Fortinet Document Library

Version:

Version:

Version:

Version:

Version:

Version:


Table of Contents

Administration Guide

RADIUS Servers

Remote Authentication and Dial-In User Service (RADIUS) is a broadly supported client-server protocol that provides centralized authentication, authorization, and accounting functions. RADIUS clients are built into gateways that allow access to networks such a VPN server, network access server (NAS), and a network switch or firewall that uses authentication.

RADIUS servers use UDP packets to communicate with the RADIUS clients on the network to authenticate users before allowing them access to the network, authorize access to resources by appropriate users, and account or bill for those resources that are used. RADIUS servers are currently defined by RFC 2865 (RADIUS) and RFC 2866 (RADIUS Accounting), and listen on either UDP ports 1812 (authentication) and 1813 (accounting), or ports 1645 (authentication) and 1646 (accounting) requests. RADIUS servers exist for all major operating systems.

The RADIUS server must be configured to accept the FortiGate as a client so is can use the authentication and accounting functions of the RADIUS server.

RADIUS authentication with a FortiGate requires the following:

  • Configuring one or more RADIUS server profiles on the FortiGate.
  • Assigning the RADIUS server profile to a user or user group.
  • Applying the user or user group to a firewall policy.

RADIUS authentication can be applied to many FortiGate functions, such as firewall authentication, SSL and IPsec VPNs, administrator profiles, ZTNA, explicit proxy, wireless, 802.1X, and more.

The RADIUS server uses a shared secret key with MD5 hashing to encrypt information passed between RADIUS servers and clients. Typically, only user credentials are encrypted. Additional security can be configured through IPsec tunnels by placing the RADIUS server behind another VPN gateway.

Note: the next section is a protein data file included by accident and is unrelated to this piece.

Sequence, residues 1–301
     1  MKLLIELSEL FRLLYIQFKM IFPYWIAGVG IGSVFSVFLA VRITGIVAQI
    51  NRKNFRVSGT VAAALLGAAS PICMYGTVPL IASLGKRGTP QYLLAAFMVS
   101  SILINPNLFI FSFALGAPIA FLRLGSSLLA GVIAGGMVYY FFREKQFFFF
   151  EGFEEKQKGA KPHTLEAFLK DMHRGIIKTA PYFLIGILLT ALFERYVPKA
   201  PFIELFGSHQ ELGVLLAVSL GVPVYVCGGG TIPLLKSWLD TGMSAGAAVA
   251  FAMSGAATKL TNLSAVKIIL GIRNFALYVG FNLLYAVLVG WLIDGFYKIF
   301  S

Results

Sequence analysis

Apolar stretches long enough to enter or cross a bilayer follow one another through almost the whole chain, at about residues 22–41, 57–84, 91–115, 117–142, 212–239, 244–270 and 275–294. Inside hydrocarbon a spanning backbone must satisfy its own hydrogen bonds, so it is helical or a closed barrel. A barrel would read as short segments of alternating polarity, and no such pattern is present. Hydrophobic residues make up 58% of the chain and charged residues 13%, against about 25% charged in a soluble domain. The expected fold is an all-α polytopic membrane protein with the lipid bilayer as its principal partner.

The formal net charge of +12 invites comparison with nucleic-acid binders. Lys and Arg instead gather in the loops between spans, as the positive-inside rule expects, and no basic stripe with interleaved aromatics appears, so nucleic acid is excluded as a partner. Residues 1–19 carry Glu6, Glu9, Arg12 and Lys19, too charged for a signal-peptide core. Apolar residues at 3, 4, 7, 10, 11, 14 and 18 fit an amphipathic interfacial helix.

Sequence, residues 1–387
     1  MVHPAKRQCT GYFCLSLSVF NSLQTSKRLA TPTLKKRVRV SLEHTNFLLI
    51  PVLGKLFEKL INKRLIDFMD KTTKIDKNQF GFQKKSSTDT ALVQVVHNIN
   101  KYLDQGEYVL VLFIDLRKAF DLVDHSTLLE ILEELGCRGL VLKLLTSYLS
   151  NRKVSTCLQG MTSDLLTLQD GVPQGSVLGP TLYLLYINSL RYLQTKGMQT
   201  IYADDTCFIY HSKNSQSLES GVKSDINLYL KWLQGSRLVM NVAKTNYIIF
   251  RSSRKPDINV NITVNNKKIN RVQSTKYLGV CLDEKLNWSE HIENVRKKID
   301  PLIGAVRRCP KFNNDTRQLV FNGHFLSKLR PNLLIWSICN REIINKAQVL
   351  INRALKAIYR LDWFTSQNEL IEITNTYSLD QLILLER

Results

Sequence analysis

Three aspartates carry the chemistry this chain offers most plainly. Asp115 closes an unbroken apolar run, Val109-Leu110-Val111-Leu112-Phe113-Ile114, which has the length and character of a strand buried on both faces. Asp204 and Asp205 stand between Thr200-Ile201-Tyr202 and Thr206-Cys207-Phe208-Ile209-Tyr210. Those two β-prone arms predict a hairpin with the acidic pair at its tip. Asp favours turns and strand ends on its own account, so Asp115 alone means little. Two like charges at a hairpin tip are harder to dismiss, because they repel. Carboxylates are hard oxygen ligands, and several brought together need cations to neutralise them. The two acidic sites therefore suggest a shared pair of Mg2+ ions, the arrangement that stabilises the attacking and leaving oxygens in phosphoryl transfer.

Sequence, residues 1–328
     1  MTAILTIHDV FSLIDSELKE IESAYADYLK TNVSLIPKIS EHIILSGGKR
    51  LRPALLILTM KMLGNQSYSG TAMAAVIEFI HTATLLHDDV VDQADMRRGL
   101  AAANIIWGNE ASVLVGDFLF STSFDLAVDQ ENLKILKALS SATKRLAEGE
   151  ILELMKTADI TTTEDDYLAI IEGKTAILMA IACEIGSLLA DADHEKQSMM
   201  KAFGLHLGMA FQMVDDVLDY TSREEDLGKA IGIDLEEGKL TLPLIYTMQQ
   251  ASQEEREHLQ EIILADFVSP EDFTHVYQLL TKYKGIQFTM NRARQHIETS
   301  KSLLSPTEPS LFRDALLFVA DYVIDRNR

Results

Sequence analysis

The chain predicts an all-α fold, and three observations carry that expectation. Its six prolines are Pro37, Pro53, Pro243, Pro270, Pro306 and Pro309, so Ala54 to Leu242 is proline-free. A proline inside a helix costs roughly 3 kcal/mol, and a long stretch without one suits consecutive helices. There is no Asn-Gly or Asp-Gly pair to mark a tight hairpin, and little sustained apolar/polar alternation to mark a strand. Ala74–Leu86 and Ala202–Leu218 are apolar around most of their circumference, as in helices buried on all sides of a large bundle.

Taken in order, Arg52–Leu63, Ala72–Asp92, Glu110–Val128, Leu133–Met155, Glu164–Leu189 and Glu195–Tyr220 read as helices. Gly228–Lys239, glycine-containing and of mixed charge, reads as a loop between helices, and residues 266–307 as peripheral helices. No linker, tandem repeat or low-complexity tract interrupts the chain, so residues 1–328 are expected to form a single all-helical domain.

The following topics provide more information about RADIUS servers:

RADIUS Servers

Remote Authentication and Dial-In User Service (RADIUS) is a broadly supported client-server protocol that provides centralized authentication, authorization, and accounting functions. RADIUS clients are built into gateways that allow access to networks such a VPN server, network access server (NAS), and a network switch or firewall that uses authentication.

RADIUS servers use UDP packets to communicate with the RADIUS clients on the network to authenticate users before allowing them access to the network, authorize access to resources by appropriate users, and account or bill for those resources that are used. RADIUS servers are currently defined by RFC 2865 (RADIUS) and RFC 2866 (RADIUS Accounting), and listen on either UDP ports 1812 (authentication) and 1813 (accounting), or ports 1645 (authentication) and 1646 (accounting) requests. RADIUS servers exist for all major operating systems.

The RADIUS server must be configured to accept the FortiGate as a client so is can use the authentication and accounting functions of the RADIUS server.

RADIUS authentication with a FortiGate requires the following:

  • Configuring one or more RADIUS server profiles on the FortiGate.
  • Assigning the RADIUS server profile to a user or user group.
  • Applying the user or user group to a firewall policy.

RADIUS authentication can be applied to many FortiGate functions, such as firewall authentication, SSL and IPsec VPNs, administrator profiles, ZTNA, explicit proxy, wireless, 802.1X, and more.

The RADIUS server uses a shared secret key with MD5 hashing to encrypt information passed between RADIUS servers and clients. Typically, only user credentials are encrypted. Additional security can be configured through IPsec tunnels by placing the RADIUS server behind another VPN gateway.

The following topics provide more information about RADIUS servers: